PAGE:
Owe no one anything, except to love each other, for the one who loves another has fulfilled the law. For the commandments, “You shall not commit adultery, You shall not murder, You shall not steal, You shall not covet,” and any other commandment, are summed up in this word: “You shall love your neighbor as yourself.” Love does no wrong to a neighbor; therefore love is the fulfilling of the law.  (Romans 13:8-10)

            For you were called to freedom, brothers. Only do not use your freedom as an opportunity for the flesh, but through love serve one another. For the whole law is fulfilled in one word: “You shall love your neighbor as yourself.”  (Galatians 5:13-14)

            Religion that is pure and undefiled before God, the Father, is this: to visit orphans and widows in their affliction, and to keep oneself unstained from the world.  (James 1:27)

                        For this is the message that you have heard from the beginning, that we should love one another.  We know that we have passed out of death into life, because we love the brothers. Whoever does not love abides in death.  By this we know love, that he laid down his life for us, and we ought to lay down our lives for the brothers. But if anyone has the world’s goods and sees his brother in need, yet closes his heart against him, how does God’s love abide in him? Little children, let us not love in word or talk but in deed and in truth.  And this is his commandment, that we believe in the name of his Son Jesus Christ and love one another, just as he has commanded us. (1 John 3:11, 14, 16-18, 23)

                        Everyone who believes that Jesus is the Christ has been born of God, and everyone who loves the Father loves whoever has been born of him. By this we know that we love the children of God, when we love God and obey his commandments. For this is the love of God, that we keep his commandments. And his commandments are not burdensome.  (1 John 5:1-3)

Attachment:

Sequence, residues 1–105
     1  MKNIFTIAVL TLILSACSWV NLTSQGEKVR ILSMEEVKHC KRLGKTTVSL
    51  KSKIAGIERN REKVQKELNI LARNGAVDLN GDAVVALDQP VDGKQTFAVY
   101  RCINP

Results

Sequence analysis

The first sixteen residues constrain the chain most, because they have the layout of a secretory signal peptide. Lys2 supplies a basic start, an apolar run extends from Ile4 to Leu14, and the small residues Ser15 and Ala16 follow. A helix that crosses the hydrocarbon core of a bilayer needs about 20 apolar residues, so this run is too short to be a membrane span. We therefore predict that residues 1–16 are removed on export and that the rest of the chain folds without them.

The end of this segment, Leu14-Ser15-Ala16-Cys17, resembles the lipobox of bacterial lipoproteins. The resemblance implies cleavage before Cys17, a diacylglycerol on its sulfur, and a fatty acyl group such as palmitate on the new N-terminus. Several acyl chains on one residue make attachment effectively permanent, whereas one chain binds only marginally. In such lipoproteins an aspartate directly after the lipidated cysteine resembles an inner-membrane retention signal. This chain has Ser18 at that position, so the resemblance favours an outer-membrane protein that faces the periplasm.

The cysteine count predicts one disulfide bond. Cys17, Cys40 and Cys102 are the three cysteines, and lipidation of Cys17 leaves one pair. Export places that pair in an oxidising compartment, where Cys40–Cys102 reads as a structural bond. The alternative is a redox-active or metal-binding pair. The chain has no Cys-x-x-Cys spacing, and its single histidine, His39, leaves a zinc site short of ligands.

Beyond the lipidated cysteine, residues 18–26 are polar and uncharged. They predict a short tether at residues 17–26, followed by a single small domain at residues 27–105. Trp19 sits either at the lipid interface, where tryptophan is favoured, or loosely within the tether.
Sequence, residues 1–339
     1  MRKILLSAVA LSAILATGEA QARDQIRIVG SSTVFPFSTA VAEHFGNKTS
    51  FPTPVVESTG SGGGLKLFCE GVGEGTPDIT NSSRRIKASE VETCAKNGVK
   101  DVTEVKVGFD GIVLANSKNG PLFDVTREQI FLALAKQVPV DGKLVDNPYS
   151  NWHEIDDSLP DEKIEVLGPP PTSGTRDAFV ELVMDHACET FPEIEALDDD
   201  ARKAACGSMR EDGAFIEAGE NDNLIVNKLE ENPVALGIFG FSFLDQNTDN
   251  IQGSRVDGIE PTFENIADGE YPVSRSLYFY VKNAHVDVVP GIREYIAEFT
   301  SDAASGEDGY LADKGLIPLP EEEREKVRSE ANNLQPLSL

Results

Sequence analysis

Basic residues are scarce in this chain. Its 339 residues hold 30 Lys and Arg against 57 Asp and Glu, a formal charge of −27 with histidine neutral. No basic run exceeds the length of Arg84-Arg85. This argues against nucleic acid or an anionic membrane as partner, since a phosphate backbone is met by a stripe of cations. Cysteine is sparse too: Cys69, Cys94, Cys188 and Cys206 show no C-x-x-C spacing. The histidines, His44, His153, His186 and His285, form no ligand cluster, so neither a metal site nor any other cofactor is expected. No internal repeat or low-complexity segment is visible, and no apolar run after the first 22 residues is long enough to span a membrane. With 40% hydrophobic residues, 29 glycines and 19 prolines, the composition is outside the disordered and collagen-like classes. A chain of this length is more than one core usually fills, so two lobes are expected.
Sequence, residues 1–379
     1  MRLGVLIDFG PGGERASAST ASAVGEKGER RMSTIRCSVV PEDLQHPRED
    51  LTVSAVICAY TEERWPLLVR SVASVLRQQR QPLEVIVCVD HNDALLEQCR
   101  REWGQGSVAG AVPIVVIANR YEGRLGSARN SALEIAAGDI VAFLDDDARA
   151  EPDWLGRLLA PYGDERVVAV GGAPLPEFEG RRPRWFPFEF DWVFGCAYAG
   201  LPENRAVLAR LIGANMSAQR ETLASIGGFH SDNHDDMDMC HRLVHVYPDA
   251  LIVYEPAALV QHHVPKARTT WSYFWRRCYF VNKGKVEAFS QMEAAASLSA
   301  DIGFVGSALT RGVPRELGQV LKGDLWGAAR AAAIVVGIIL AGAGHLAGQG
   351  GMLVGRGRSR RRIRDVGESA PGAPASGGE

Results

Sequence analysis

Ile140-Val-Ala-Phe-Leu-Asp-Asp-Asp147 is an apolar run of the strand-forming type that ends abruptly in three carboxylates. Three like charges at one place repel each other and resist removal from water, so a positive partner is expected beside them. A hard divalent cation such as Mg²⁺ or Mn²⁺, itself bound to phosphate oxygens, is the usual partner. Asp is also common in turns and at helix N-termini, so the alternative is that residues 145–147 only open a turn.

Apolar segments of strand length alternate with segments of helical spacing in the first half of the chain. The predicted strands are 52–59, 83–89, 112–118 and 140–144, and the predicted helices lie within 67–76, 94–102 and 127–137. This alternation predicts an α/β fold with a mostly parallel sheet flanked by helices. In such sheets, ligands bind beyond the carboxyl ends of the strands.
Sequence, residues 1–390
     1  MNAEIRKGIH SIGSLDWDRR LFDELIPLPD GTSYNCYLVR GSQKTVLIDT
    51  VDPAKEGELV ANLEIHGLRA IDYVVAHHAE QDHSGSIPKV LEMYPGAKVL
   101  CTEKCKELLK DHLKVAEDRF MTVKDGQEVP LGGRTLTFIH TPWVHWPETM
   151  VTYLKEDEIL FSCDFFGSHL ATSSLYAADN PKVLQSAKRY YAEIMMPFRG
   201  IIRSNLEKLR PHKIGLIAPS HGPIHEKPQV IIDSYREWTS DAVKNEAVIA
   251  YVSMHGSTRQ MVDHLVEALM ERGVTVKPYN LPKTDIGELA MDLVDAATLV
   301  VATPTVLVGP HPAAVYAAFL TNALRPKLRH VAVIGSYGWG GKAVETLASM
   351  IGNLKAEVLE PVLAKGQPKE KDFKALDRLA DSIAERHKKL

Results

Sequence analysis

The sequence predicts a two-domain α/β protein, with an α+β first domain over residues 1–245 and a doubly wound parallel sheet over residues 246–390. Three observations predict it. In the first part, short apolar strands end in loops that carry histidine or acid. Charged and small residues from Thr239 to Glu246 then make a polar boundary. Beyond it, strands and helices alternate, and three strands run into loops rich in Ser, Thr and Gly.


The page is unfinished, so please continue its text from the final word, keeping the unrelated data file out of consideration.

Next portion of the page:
Recently, as the current moderator of the PCA, I chaired a meeting of the Cooperative Ministries Committee (CMC) in Atlanta.  Candidly, we did not have much on our docket to justify a meeting.  I suggested we not meet, but there was a strong consensus that we convene to discuss “The Present Status and Future of the PCA” – that’s CMC code for “the tensions in the PCA.”  Of the twenty-six members, twenty-three attended the meeting.  I opened the meeting with a devotional message from Mark 12:28-34, “The Law of Love.”  I suggested that tinkering with the General Assembly docket, round-table discussions on what unites/divides us, conferences on doctrine and ethics, and “gatherings” of like-minded souls in weekend conferences will not cut to the core of the spiritual cancer infecting the PCA.  We live in a litigious, over-opinionated, intolerant, blog-congested, talk-show influenced, censorious society of anger, intolerance and contempt.  And our church has inculcated much of Babylon in our spiritual DNA.  Only the love of God will change us and heal us.